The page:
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UK Labour leader Starmer says he wants to recognise Palestine as part of peace process

May 24, 2024 at 1:20 pm

Britain’s main opposition Labour Party leader Keir Starmer in Liverpool, northwest England, on October 11, 2023 [PAUL ELLIS/AFP via Getty Images]

Britain’s opposition leader Sir Keir Starmer said on Friday that he wants to recognise a Palestinian state if he wins the General Election in July, but only if such a move is at the right time as part of a peace process, Reuters has reported.

Ireland, Spain and Norway announced this week that they will recognise a Palestinian state on 28 May, prompting an angry response from Israel, which said this amounted to a “reward for terrorism” and recalled its ambassadors from the three capitals.

The Labour Party has been engulfed by an internal battle over its policy on Israel’s war against the Palestinians in Gaza since the 7 October cross-border incursion by Hamas.

Starmer has faced criticism from some traditional Labour voters for only gradually shifting the party’s position towards supporting a ceasefire in Gaza. The party’s stance led to ten senior party MPs quitting their policy roles, and was blamed for a handful of disappointing results in this month’s local elections in some areas with large Muslim populations.

Asked if he thought Palestine should be a state, Starmer told the BBC: “Yes, I do, and I think recognition of Palestine is extremely important. We need a viable Palestinian state alongside a safe and secure Israel, and recognition has to be part of that.” He argued that the “two-state solution” is essential for lasting peace in the region.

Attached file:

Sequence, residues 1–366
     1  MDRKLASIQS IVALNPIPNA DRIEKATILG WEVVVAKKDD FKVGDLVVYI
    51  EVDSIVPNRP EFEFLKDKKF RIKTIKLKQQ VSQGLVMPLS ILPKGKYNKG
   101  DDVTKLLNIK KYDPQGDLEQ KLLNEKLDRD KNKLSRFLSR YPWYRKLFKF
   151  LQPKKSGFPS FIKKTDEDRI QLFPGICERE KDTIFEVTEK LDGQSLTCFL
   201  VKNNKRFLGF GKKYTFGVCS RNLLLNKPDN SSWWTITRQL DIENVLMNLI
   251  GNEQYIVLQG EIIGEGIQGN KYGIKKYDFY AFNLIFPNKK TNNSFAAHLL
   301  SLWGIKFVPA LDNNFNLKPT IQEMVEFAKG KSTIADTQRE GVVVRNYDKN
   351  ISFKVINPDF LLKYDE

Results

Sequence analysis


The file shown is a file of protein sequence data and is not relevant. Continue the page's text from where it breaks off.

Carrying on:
READ: EU’s Borrell says recognising Palestine is not a gift to Hamas

Such a “solution” has long been the framework of British foreign policy and international efforts to resolve the conflict, but the peace process has been moribund for years. The current Conservative government in Britain, and other European states such as France and Germany, have also voiced support in principle for a Palestinian state, but with the timing of recognition forming part of a broader peace process.

This week, Labour backed the independence of the International Criminal Court after it sought arrest warrants for both Hamas and Israeli officials for war crimes, including Israeli Prime Minister Benjamin Netanyahu and Defence Minister Yoav Gallant, opening up a divide with the governing Conservative Party.

According to the Conservative government in Westminster, the ICC does not have the jurisdiction to request the arrest warrants and it would not help get Israeli hostages out of Gaza, get humanitarian aid in, or deliver a sustainable ceasefire.

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